Passive Euthanasia Rhetorical Analysis

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Euthanasia is a complicated and controversial issue in today’s society. Such controversies can be politically, medically, or morally related. It is a large concern that questions and challenges our thoughts and emotions. Euthanasia is defined as the act of putting to death painlessly or allowing to die, as by withholding extreme medical measures, a person or animal suffering from an incurable, especially a painful, disease or condition. It is divided into two groups, active euthanasia and passive euthanasia. The traditional doctrine establishes that there is a moral difference between the two, thus allowing passive euthanasia while forbidding active euthanasia. However, in “Active and Passive Euthanasia”, philosopher James Rachels, argues…show more content…
However, although Rachel’s argument is influential, what makes it weak is that the evil intentions of Smith and Jones do not directly correlate to the two forms of euthanasia. In the Smith and Jones case, they both intended harm to their cousin to gain a large inheritance. For this reason, because they were both morally wrong, there is no moral difference between the cases. Also, just because one fails to prevent the death of someone else does not mean that they have the same moral intention an active killer. For example, failure to prevent someone’s death could be due to inaccessibility or ignorance. In addition, the success of Rachels’ argument in the Smith and Jones case partly depends on readers paying no attention to the intentions of the two men. If intentions were to matter in right and wrong, then Smith would be a worse person than Jones, because Smith had committed a physical act of…show more content…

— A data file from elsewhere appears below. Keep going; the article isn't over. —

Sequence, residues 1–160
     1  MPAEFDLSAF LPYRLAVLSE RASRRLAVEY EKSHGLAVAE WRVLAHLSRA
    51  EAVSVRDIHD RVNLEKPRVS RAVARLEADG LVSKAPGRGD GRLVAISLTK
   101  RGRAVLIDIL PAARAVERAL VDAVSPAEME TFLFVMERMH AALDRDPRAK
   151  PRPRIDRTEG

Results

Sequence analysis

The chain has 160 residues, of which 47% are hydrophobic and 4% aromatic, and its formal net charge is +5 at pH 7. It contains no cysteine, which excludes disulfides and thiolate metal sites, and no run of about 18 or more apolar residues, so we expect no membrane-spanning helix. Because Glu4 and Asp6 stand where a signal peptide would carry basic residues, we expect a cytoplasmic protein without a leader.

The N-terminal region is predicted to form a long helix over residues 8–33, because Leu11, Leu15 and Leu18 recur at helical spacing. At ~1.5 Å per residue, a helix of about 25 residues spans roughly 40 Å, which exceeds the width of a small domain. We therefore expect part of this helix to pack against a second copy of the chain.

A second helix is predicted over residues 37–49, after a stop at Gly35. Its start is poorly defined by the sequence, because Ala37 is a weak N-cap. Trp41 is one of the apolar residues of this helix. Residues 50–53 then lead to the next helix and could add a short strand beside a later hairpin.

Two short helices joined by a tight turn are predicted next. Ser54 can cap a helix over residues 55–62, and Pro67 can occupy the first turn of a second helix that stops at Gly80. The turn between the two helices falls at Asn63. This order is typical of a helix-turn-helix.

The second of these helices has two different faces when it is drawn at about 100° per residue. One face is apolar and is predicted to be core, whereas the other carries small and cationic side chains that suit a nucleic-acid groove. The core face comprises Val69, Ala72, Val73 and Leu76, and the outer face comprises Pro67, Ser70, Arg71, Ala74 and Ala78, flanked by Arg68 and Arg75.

Although it is a valid argument pattern where the true premises would mean a true conclusion, the weakness in this argument lays in premise 3. If something were to be in itself morally worse than something else, it can be said that it is intrinsically morally worse (Lewis). Thus being said, if a characteristic of something is intrinsic to it, then that property occurs in all occurrences of that thing. So, killing in itself is always morally worse if killing is in itself is morally worse than letting one to die (Lewis). To fix this ambiguous premise, Rachels can change it to include the issue of an intrinsic characteristic. It would be altered to, “If the difference between killing and letting die was that killing in itself was always morally worse than letting die, then Jones’ behaviour would be less reprehensible than Smith’s. However, if this premise were to change, then so would premise 4 and 5. They would be altered to, “Therefore, active killing and letting die is not always morally different.” and “Therefore, active euthanasia is not always morally worse than passive euthanasia.” Even with these changes, Rachels’ argument may still be deemed weak because although there are situations in which active euthanasia may not be morally worse than passive euthanasia, it does not specify which situations are not morally worse. In conclusion, his argument shows the
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